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Slow and Steady 

It’s OK to take it easy and get a little lost along the way.

click to enlarge Casey Neill and the Norway Rats
  • Casey Neill and the Norway Rats

Some musicians rush out of the gate with great music. Some will spend the rest of their careers trying to replicate it.

“I feel like I’ve been the tortoise in the race with the hare,” says Casey Neill, chuckling. “But who knows, I’m the last person with the best perspective on that.”

The 39-year-old musician has spent his career making a Venn Diagram of sorts, overlapping circles of punk, folk, bluegrass and Celtic music. Today, Neill has created a comfortable space in the middle of those scenes for his band: Casey Neill & the Norway Rats.

His seven-piece Americana group links those circles with haunting ballads, drinking music and tales about the average man. Neill’s ragged voice — singing lyrics about whiskey that flows like a river and the wandering fool that’s lost in his heart — sounds like that of a poet who’s spent years doing hard labor.

“Sometimes I feel like I’m beating my head against the wall and it’s about break,” he says. “But I’ve felt this way for a long time. It’s just incredible how you start out in music — sorta wide eyed with youthful ideals. If you stay the course and don’t succumb to cynicism, you can become a genuine musician and there’s something beautiful in that.”

Neill’s youthful ideals were fueled by a lust for travel in the early ’90s. He moved to Olympia and found a place in the punk scene. He moved to Portland and found a home among folk music circles there, and while living in New York he befriended the Scottish fiddler Johnny Cunningham. And he’s spent all of his intervening years trying to bring those sounds all together.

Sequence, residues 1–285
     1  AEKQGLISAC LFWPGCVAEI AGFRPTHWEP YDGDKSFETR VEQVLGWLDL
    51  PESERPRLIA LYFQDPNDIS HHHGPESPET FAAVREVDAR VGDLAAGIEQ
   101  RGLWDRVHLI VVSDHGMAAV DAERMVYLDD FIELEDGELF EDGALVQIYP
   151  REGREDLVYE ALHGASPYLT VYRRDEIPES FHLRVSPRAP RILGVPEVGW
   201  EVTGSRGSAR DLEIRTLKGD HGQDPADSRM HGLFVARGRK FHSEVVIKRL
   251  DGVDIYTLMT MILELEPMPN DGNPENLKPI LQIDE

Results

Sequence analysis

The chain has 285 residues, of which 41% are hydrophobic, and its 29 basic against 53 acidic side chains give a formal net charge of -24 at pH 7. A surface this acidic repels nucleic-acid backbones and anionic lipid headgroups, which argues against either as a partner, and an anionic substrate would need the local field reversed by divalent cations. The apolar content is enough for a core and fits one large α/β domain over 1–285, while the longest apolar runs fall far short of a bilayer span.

“I was scatter shot in all these different musical directions,” he says. “If I immersed myself in any one of them I would have found more success, but I was just finding my voice.”

Finding his voice and a successful creative collaboration has taken more than 12 years, multiple cities and a handful of albums. His bandmate Ezra Holbrook helped found the Decemberists, a group that keyboard and accordion player Jenny Conlee still belongs to.

The 2010 release of his band’s latest album, Good Bye to the Rank & File, takes a mature, almost nostalgic look at the musician’s past.

“We’ve all had some great successes as songwriters or producers and all of us have been in the trenches for a long time,” Neill says. “I wanted to acknowledge and celebrate that we’re still here. Digging it out.”

They may not be winning, but Casey Neill and his band are still competing in the race.

Casey Neill & the Norway Rats play with Silver Treason and the Converters • Thur, March 3, at 10 pm • Aclub • $5 • 21 • 838- 8511

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